Teen drivers generally tend to be irresponsible and easily distracted, thus resulting in them making wrong moves. Many teen drivers have been seen talking on the phone or texting when driving. These tendencies have led to an enormous number of accidents, causing injuries, fatalities and skyrocketing insurance rates.
Some major causes for distractions while driving:
* Drinking & Eating
* Emotional State of the Driver
* Using the Cell Phone
* Talking to Friend/ Friends in the Car
* Listening to Music
As a new driver, you will be unskilled at handling unexpected problems. So, make sure you attend any of the various defensive driving courses across the country.
Yes, these tips holds just as much for both men and women: Deep thoughts, talking on the cell (regardless of whether the phone is held by hand or not) and loud music, all effect both sexes in the same amount. It is true, as I have stated elsewhere, that there is a greater precentage of women that have a better ability to divide attention, but this only means that they can shift their focus from one action to another more rapidly. When it comes to doing two things AT THE SAME TIME all humans will fail miserably.
By the way, conversing with the passengers is not nearly as distracting as any of the above, unless it's something very emotional or loud. The same applies for music, so long as it is not very loud and does not carry a profound emotional effect on the driver -- it's fine.
Another note, teenagers have a high rate of collision involvement due to three elements: The first is lack of experience, the other is lack of responsibility, but the third element is lack of proper skill. The same teens that crash cars can be honorable students, college and university students and, in some countries (like mine) disciplined and high-ranked soliders. You cannot call this segment of the youth irresponsible. It's simply that they don't know how to drive well.
I do agree, still, that lack of responsibility and awareness, due to young age, peer pressure and education at school and home also carry a detrimental weight in the great involvement of youth in collisions. In fact, even all the training in the world won't turn a teenage driver into the perfect driver. It takes:
- Education for proper values in driving from a young age. The parents should be a role model and the youth can also be taught to consider driving to be a value by being introduced at a younger age to the sport of go-karts. Values to deliver: Maturity, independence, responsbility; Awareness; Perception; Courtesy, Tolerance; Knowledge and understanding; Skill, training and experience.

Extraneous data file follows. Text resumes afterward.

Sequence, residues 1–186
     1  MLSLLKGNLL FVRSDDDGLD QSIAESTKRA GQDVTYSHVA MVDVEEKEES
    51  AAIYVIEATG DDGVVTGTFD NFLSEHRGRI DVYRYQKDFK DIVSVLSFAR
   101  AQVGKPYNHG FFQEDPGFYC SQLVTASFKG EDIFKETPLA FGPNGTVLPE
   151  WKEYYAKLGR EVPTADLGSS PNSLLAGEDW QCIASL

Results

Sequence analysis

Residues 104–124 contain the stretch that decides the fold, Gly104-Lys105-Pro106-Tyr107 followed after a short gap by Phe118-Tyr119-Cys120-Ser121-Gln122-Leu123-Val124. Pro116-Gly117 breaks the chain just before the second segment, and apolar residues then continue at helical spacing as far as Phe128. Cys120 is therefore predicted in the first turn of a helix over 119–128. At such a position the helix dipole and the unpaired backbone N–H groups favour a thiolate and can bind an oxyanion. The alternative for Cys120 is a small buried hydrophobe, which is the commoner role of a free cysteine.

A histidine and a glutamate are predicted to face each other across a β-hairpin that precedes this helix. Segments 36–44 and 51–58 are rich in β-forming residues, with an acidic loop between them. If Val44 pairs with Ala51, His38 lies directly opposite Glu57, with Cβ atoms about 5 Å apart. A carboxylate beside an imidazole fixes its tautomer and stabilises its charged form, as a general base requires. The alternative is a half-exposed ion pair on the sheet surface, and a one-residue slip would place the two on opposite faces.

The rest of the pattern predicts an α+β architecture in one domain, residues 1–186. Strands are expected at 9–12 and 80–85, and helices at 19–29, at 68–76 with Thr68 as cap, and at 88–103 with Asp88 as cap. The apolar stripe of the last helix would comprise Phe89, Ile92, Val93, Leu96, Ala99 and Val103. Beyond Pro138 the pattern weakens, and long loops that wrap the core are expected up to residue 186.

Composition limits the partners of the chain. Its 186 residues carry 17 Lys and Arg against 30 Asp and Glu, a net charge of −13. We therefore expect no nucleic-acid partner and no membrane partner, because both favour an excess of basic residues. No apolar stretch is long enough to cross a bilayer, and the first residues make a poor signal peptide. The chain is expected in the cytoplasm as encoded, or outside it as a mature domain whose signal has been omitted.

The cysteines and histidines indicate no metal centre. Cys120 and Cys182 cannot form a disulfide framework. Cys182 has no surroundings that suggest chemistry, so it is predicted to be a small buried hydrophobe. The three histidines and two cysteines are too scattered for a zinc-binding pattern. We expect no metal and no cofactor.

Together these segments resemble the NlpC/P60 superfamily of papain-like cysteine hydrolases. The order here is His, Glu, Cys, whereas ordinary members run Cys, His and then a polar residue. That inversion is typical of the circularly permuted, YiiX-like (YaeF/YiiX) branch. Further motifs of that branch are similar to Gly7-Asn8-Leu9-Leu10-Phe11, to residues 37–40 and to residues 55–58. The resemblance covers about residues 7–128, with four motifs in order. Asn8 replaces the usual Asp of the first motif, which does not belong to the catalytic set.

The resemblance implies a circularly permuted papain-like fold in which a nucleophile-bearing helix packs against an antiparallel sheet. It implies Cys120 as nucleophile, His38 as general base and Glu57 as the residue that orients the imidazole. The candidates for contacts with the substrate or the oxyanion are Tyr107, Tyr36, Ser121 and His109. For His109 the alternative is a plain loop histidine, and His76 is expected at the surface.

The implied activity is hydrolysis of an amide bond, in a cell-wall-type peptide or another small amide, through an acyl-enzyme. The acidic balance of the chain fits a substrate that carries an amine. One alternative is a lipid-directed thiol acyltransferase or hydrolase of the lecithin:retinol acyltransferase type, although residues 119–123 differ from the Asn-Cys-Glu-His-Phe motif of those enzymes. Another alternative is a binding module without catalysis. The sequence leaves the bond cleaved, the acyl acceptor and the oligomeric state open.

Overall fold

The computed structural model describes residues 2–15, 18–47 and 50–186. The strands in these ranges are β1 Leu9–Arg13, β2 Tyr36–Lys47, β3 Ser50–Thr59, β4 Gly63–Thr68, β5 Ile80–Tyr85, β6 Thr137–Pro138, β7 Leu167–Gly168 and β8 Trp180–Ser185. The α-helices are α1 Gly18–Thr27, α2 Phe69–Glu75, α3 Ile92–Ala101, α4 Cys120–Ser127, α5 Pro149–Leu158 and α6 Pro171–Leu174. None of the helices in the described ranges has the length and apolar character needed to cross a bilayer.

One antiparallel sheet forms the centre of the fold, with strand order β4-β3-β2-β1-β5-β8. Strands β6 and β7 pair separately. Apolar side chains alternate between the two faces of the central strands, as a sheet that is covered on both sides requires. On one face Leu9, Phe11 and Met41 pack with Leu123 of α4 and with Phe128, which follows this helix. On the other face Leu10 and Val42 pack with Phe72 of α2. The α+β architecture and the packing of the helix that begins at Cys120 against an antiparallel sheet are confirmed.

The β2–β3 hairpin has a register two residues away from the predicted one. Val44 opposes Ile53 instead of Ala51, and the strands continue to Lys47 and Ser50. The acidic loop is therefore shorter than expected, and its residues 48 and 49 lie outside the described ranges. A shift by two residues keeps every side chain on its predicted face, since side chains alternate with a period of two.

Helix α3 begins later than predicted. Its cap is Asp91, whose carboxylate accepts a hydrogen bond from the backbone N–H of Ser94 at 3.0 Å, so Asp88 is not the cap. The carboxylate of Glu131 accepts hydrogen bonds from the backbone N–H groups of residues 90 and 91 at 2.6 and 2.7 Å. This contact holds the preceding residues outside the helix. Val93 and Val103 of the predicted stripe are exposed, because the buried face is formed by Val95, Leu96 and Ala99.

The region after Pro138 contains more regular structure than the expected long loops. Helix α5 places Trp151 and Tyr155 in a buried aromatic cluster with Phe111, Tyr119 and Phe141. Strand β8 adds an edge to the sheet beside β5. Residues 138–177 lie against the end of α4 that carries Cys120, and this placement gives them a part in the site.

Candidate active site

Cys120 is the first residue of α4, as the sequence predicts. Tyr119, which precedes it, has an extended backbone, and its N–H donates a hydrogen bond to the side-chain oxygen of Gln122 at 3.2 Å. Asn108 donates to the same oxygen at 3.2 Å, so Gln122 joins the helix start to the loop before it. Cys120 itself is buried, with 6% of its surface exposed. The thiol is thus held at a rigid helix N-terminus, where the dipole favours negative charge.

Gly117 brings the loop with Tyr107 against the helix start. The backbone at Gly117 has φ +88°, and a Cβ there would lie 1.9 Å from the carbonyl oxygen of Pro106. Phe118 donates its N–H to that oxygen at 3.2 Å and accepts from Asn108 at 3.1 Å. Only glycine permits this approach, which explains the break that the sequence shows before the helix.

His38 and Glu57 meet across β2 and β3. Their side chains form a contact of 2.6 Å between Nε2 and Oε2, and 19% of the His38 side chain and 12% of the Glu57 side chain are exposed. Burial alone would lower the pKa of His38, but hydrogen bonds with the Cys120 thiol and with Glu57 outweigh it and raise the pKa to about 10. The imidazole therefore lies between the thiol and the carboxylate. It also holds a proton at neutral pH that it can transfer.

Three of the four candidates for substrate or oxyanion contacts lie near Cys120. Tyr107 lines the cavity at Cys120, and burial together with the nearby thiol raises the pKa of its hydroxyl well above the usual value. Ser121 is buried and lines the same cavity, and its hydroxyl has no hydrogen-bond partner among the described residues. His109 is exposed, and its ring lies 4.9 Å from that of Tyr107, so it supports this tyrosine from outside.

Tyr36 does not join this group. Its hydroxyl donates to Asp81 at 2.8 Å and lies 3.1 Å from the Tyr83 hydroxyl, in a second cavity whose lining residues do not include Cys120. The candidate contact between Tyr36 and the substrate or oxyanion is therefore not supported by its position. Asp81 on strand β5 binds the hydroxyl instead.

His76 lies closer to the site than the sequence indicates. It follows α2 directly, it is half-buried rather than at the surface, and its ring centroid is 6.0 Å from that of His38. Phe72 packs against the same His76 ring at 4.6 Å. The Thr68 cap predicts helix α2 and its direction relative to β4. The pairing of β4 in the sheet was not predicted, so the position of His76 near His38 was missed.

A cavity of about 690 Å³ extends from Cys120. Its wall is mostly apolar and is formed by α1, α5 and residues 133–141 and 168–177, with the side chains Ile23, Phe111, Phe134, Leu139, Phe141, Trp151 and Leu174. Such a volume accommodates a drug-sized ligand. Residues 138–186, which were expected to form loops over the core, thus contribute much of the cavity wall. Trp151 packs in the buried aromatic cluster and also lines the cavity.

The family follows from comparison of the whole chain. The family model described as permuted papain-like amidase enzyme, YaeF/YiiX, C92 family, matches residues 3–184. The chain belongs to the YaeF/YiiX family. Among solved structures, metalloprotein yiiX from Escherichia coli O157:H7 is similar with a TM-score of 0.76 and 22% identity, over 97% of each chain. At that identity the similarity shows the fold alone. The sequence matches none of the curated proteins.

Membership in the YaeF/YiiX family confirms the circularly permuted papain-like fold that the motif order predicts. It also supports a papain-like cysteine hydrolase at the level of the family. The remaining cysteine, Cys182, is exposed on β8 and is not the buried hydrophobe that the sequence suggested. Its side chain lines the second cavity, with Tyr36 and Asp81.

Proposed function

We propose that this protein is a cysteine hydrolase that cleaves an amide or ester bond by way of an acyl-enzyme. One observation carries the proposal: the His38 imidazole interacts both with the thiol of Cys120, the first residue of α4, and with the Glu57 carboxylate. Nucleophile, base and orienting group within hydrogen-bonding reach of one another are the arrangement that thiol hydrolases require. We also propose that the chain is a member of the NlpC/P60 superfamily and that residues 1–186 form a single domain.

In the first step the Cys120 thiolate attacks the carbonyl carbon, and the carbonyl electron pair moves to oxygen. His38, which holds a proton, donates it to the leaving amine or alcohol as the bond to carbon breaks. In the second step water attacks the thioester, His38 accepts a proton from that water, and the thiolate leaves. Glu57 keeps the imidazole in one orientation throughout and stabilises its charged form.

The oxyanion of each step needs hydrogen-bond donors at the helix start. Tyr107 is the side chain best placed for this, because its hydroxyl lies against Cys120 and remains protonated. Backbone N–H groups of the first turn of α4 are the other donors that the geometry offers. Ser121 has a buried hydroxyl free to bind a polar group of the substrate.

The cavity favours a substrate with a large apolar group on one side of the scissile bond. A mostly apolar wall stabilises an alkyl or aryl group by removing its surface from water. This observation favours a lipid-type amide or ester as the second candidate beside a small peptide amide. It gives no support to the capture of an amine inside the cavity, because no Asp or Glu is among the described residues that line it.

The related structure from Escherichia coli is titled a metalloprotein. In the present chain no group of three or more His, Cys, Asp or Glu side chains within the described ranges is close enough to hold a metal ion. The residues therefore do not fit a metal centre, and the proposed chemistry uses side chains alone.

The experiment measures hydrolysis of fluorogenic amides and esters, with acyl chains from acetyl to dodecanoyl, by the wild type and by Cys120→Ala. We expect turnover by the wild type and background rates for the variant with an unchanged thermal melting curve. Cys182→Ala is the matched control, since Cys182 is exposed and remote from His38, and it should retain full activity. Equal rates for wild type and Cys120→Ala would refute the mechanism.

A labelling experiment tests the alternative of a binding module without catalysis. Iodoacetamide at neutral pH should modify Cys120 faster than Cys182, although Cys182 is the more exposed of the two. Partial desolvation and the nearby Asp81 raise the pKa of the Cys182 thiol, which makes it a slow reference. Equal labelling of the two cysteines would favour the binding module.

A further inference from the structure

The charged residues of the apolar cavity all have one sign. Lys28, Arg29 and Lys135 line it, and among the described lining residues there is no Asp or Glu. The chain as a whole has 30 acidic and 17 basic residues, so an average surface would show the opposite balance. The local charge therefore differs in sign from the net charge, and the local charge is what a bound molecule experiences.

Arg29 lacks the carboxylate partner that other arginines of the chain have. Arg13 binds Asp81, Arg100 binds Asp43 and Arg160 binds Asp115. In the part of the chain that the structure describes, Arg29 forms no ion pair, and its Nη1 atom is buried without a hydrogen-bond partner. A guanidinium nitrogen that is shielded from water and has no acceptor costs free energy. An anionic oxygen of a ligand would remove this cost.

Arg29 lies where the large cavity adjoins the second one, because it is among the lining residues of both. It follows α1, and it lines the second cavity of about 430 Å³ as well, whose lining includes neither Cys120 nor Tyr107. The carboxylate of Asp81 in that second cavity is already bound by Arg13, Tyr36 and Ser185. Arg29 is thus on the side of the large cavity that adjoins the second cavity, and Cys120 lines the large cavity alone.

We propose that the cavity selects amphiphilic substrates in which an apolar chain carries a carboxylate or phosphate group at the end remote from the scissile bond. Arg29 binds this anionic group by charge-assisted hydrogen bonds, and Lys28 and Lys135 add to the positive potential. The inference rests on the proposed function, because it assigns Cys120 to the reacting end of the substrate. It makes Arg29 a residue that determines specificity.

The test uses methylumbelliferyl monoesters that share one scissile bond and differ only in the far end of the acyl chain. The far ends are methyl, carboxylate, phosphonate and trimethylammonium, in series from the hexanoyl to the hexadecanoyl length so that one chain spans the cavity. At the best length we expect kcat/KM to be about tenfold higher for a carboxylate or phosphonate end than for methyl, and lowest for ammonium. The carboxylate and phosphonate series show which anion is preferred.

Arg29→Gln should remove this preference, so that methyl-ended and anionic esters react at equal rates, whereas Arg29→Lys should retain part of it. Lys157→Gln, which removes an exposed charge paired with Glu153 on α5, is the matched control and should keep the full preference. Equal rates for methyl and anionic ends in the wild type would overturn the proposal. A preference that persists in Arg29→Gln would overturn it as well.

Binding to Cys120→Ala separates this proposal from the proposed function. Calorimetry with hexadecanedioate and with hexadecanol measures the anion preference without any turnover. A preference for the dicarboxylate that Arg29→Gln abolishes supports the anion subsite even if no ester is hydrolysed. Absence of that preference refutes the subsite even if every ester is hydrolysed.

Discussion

- Teaching the art of driving to the young driver: Proper maintainence (tires, dampers, brakes, engine, coolant) ; proper driving position, steering wheel grip; maintaining focus while driving; how to look FAR ahead, observe and anticipate the hazards and plan your actions in advance, to avoid stressfull situations; how to drive in situations of heavy traffic, highways, winter driving, night driving, driving in narrow city streets; how to perform emergency braking and avoidance braking, etc...
- Introducing them into driving progressively. First for short drives aroung the block when it's clear of traffic. Than in longer distances with light traffic, than on highways; in heavy traffic. Some countries obligate parents to accompany their children for them to be able to drive the car, for the first two-three months. Others prohibit teen driving at night (which is not realistic) and there are usually also limitations as to how much passengers a teen can drive for the first year or two of his license. Even if these limitations (other than not driving at night) are not a law in your country, I advise to adopt and enforce them onto teens.
This is a very crucial stage of a person - being a teenager. Teenagers experience lots of changes in their life that sometimes they have difficulty to adjust. They tend to be rebellious and adventures that is why they need to be guided on what they are going to do. Driving is not just an activity but at the same time a responsibility. The life of the passenger is in your hands. Drivers must be informed and be properly trained about safety driving.
Recently, a Chevrolet Volt that was used in federal accident testing recently caught fire a few weeks after the test was given. A security investigation is currently underway into fire hazards possibly posed by the Volt. The problem likely concerns the batteries and other electric cars are being looked at also.
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